Introduction

set.seed(19790801)
knitr::opts_chunk$set(error = FALSE)

Convenient Wrappers for Base-R Functions

There are lots of functions in base-R for working with files and directories. Unfortunately, some of them are a little bit annoying to work with. For example, the function names, and the form in which paths are returned, are inconsistent. For example

tempdir()
R.home()

pathological contains standardized wrappers to these functions. These return absolute, unabbreviated paths. You can choose whether you want back or forward slashes to separate directory levels.

library(pathological)
temp_dir()
r_home()

These wrappers are also vectorized.

r_home(c("home", "bin", "share"), c("", "i386", "zoneinfo"))

There are several wrapper functions available in pathological.

wrapper_data <- data.frame(
  "base/utils" = c("choose.files, file.choose", "choose.dir", "dir.create", "file.create", "file.copy", ".libPaths", "R.home", "Sys.which", "system.file", "tempdir", "tempfile"),
  pathological = c("choose_files", "choose_dir", "copy_dir", "create_dirs", "create_files", "get_libraries", "r_home", "sys_which", "system_file", "temp_dir", "temp_file"),
  stringsAsFactors = FALSE
)
wrapper_data$pathological <- paste0(
  "[", wrapper_data$pathological,
  "](https://www.rdocumentation.org/packages/pathlogical/topics/", 
  wrapper_data$pathological, ")"
)
knitr::kable(wrapper_data)

The underlying function for creating the standardized paths is standardize_path(), with standardise_path() also available for fans of British English.

Getting Parts of Files

There are several functions for getting a parts of a file name , or parts of a path. decompose_path() splits a path into the directory name, file name without extension, and file extension. The results are returned as a data frame, and multiple dots in the file extension are correctly dealt with. In the following example, the with_dir() function from the withr package is used to temporarily change the working directory, to better demonstrate the dirname column returned by decompose_path().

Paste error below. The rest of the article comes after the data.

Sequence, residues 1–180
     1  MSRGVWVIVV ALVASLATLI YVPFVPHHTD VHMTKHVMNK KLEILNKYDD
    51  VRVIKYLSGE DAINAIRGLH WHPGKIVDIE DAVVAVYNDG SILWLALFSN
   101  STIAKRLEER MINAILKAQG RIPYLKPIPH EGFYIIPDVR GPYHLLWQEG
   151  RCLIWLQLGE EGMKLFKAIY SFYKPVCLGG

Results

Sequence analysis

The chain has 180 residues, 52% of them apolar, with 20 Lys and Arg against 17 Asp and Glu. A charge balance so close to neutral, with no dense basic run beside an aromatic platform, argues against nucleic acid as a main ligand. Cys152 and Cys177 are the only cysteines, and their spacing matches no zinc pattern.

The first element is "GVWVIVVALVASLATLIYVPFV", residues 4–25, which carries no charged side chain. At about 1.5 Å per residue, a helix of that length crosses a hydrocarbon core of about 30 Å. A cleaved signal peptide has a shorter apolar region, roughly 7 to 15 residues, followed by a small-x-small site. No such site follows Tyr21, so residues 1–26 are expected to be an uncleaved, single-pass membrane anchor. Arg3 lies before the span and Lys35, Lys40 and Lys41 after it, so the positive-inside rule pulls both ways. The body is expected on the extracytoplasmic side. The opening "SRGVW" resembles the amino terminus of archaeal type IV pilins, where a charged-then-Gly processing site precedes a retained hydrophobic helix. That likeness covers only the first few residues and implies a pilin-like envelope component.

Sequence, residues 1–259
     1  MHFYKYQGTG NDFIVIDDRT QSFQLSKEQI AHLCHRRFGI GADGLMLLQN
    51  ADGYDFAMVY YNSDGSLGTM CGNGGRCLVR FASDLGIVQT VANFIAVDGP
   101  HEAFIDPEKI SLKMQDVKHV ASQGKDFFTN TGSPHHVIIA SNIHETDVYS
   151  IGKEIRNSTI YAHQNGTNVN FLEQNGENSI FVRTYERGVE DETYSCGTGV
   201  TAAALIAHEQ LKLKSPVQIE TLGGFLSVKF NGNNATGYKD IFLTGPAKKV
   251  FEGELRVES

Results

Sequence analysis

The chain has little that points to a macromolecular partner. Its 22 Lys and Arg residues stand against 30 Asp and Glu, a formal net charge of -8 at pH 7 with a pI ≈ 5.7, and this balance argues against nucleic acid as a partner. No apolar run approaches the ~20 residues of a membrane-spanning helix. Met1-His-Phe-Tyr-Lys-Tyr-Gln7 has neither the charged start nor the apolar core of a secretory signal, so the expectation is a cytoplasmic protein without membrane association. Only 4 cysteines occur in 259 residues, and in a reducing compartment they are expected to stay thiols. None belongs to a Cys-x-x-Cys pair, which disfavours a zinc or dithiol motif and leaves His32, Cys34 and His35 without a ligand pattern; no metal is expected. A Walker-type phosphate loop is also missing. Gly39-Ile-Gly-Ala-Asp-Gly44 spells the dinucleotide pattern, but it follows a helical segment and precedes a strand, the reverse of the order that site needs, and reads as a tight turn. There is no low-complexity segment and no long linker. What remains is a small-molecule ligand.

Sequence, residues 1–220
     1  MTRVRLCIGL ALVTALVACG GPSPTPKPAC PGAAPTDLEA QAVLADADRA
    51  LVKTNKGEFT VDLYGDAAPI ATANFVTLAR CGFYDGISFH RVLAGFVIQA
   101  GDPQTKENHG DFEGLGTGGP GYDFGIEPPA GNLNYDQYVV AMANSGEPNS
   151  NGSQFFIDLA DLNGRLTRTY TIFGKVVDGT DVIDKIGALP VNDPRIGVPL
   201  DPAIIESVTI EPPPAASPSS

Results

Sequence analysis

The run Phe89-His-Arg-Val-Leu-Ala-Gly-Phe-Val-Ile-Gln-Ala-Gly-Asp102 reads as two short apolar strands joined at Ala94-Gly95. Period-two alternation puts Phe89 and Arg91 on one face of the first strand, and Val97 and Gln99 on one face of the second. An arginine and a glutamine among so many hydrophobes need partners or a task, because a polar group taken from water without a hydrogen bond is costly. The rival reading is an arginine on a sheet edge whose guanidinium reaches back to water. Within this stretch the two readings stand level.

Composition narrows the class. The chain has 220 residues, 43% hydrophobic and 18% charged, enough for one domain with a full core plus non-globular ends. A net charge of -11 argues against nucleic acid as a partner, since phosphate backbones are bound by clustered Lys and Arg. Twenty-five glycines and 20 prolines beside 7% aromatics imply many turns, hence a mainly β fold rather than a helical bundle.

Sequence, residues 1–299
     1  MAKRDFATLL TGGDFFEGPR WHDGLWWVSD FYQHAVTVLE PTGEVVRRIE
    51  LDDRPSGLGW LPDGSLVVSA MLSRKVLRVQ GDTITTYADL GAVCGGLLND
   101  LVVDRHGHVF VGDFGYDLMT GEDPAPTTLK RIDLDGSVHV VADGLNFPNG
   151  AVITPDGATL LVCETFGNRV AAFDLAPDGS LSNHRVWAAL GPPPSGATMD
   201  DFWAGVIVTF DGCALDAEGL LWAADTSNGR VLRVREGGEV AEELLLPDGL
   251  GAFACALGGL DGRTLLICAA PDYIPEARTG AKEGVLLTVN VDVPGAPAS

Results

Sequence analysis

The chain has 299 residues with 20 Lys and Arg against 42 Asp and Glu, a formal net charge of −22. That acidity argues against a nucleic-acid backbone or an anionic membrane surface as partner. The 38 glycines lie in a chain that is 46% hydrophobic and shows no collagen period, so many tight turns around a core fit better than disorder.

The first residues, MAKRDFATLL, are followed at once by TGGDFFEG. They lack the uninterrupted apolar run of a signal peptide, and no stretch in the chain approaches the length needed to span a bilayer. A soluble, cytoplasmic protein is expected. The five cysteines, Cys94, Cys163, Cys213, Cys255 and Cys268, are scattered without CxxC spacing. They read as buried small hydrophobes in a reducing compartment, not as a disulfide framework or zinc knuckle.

x <- c("foo.tgz", "bar.tar.gz", "baz")
withr::with_dir(
  temp_dir(),
  decompose_path(x)
)

There are several convenience functions that retrieve build on decompose_path().

split_path() splits file paths into directory components, returning a list of character vectors, or a matrix.

split_path(r_home())
split_path(r_home(), simplify = TRUE)

split_dir() is a shortcut for dir() + split_path(), with defaults to make it easy to View the contents of a directory structure.

split_dir(r_home())

A screenshot of the results from the split_dir function, viewed with the RStudio data viewer.

Startup files

On startup, you can customize R's behaviour by running an R Profile script, or setting environment variables in an R Environ script. the ?Startup help page details the convoluted process of how it determines which files to run. To save worrying about the details, pathological has some functions that return the paths to these files. r_profile_site() returns the path to the site-level R Profile file. r_profile() returns the user-level file. If a suitable file cannot be found, NA is returned.

r_profile_site()
r_profile()

r_environ_site() and r_environ() are the equivalent functions for site and user-level R Environ files, respectively.

Windows-Specific Functionality

There are a few functions for use with Windows file paths.

Other Miscellanea



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pathological documentation built on May 29, 2017, 1:41 p.m.